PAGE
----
We lost our chocolate lab Snickers a year ago today. But it wasn’t to the cancer it was to the treatment. She had an osteosarcoma on the spine. I now know more about osteosacromas and treatment than I do about most human diseases. My poor mom didn’t have any medical background and was overwhelmed by all of the medcial speak. So I had to become her rock and show as little emotion as possible. We tried a new treatment that was offered at CSU. The IMRT. It is used in humans extensively but CSU just got their machine and had only used it twice and it was on osteosarcomas on the limbs. They had had good success with this but this was the first time on the spine. The tumor was so large that they were afraid to do surgery on it do to it destablizing the spine and chemo has not been successful so we tried this. It worked! We had our dog back. Until a few days before she was to go down for her second round of chemo. My mom came to church said Snick had a hard time getting into the car. By the time we were done with church she had lost all function of her hind end. We waited a few hours then made a mad dash to CSU. We live about 3 hours away. After extensive testing they concluded that the spinal cord had died due to too much exposure. It was heart breaking. We made the final trip down to put her to sleep two days later. I think after holding it all in all of that time it was worse for me. I held her little body until the very end. She will be greatly missed. And looking back on it I don’t think we would have changed a thing. The only side effect we had from the radiation was some skin sluffing and there wasn’t any effects from the chemo. We had a few more weeks with a fabulous dog.

    • Dr. Dressler on March 19, 2009 at 12:43 am

      Thank you Carry,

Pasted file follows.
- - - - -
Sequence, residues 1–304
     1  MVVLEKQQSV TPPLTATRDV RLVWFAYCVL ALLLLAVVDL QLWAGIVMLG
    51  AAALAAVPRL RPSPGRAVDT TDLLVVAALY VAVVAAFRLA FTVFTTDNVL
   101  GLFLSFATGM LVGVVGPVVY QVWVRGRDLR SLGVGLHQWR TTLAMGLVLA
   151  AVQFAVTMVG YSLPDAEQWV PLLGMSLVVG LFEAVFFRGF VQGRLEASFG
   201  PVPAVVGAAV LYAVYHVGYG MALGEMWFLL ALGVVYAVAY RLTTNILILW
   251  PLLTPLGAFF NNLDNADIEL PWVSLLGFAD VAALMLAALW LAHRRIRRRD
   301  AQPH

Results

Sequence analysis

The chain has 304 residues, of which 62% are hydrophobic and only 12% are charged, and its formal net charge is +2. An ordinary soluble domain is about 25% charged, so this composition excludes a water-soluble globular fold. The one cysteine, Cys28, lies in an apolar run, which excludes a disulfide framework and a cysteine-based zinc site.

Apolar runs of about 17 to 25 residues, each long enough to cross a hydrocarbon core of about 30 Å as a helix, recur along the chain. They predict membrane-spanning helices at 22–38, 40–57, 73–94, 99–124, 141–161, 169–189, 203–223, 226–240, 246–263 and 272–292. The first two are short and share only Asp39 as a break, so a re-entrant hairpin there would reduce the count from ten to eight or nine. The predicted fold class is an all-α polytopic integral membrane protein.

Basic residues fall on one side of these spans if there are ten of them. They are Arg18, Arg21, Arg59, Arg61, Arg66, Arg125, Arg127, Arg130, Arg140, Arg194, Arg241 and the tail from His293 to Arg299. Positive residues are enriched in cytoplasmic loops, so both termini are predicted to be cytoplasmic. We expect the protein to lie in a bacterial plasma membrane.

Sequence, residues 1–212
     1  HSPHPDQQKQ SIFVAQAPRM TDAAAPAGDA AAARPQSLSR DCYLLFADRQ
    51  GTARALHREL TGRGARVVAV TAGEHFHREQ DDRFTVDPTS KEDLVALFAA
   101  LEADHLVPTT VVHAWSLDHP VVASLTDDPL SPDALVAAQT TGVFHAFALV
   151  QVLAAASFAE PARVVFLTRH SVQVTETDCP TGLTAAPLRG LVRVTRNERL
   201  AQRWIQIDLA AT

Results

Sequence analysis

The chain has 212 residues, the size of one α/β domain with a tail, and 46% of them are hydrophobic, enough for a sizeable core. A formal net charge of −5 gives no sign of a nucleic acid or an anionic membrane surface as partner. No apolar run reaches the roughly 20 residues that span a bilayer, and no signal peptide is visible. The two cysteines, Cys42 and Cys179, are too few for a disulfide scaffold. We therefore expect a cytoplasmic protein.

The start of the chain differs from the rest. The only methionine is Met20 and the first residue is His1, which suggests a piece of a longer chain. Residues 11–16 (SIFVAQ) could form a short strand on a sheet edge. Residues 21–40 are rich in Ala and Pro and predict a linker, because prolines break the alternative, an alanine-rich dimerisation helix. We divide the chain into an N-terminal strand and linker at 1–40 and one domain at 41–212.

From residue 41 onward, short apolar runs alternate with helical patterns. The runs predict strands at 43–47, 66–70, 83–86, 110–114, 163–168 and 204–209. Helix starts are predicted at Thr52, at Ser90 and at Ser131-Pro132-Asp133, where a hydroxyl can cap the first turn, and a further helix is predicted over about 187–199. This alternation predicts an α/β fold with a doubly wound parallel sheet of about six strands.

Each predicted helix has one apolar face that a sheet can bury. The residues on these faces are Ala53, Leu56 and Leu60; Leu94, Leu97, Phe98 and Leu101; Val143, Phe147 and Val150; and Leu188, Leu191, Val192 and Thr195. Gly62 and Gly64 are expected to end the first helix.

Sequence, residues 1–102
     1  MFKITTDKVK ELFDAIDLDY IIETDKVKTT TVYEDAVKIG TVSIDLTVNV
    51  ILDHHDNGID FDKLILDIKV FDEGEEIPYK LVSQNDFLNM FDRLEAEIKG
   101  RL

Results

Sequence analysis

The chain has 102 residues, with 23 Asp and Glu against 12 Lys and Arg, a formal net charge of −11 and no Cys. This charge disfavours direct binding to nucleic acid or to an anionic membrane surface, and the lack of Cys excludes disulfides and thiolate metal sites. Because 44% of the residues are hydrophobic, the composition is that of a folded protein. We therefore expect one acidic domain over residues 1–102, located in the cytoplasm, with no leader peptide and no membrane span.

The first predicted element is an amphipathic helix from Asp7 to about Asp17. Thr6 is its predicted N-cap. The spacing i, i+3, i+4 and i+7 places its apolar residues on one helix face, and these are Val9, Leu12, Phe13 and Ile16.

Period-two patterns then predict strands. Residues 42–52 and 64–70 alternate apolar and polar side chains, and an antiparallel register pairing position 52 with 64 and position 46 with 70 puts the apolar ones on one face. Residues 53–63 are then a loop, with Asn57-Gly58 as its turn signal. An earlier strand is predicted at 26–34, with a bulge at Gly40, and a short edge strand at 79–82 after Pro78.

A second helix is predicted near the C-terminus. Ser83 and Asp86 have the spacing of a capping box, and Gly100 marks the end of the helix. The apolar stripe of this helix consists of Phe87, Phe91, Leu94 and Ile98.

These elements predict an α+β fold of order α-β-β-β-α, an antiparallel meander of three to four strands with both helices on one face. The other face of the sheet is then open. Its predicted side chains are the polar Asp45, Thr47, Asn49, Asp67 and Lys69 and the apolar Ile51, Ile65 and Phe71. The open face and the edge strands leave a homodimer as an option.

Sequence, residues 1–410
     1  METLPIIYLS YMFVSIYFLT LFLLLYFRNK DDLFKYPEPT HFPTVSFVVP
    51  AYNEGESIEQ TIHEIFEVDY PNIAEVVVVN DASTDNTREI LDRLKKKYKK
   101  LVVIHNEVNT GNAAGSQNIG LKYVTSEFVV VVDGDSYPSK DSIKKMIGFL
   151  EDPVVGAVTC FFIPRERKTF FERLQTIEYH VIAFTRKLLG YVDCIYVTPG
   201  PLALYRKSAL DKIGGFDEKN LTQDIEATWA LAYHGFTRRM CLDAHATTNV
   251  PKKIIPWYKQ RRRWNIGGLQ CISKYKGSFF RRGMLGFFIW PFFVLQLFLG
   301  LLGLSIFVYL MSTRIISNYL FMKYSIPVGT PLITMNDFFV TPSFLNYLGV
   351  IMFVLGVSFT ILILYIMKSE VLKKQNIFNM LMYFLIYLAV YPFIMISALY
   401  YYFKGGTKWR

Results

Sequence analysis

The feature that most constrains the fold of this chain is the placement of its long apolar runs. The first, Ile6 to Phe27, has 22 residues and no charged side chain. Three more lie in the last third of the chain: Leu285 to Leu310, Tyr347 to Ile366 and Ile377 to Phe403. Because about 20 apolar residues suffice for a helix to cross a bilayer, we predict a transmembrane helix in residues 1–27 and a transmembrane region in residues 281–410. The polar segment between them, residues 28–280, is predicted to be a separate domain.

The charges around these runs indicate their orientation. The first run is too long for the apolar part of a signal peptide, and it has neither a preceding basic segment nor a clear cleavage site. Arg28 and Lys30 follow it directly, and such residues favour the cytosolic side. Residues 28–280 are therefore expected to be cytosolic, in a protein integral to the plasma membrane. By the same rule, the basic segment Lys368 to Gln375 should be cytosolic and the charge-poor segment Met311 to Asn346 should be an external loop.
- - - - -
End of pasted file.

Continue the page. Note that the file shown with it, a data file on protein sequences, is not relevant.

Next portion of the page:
4. Sue Szczupaj on March 18, 2009 at 11:02 am

    In February,2009,my 9 mo. old Doberman, Luca, developed a lump on the left side under his jaw. Our vet , first thought it was a reactive lymph node. He treated him with anti-biotics and said if the swelling didn’t go down in a week, to bring him back and he would have to surgically remove it. Well, a week later we were back at the vet. The lymph gland did not get smaller, it got bigger. The vet took him into surgery, removed the lymph gland, looked at the cells under the microscope and couldn’t believe it. He saw Cancer cells. Sent the specimen out for it to be biopsied. The results came back. My 9 mo. old puppy has lymphosarcoma, and his prognosis is “guarded.” I immediately went on line. I went on a site and is a form of laetrile.a cancer drug used in the 60’s or 70’s. I immediately ordered some. I switched his food to Taste of the Wild. Luca is also getting K-9 Immunity, Omega 3-6-9, K-9 Transfer Factor, Barley grass capsules, ground flaxseed, and cottage cheese. He is also going for accupuncture treatments. All the things we are doing is to boost his immunity. It has been over a month, and there is absolutely no swelling in any of the lymph nodes. My vet is amazed. Even if Luca is not cured, we at least are buying him some time without raveging his body with chemo.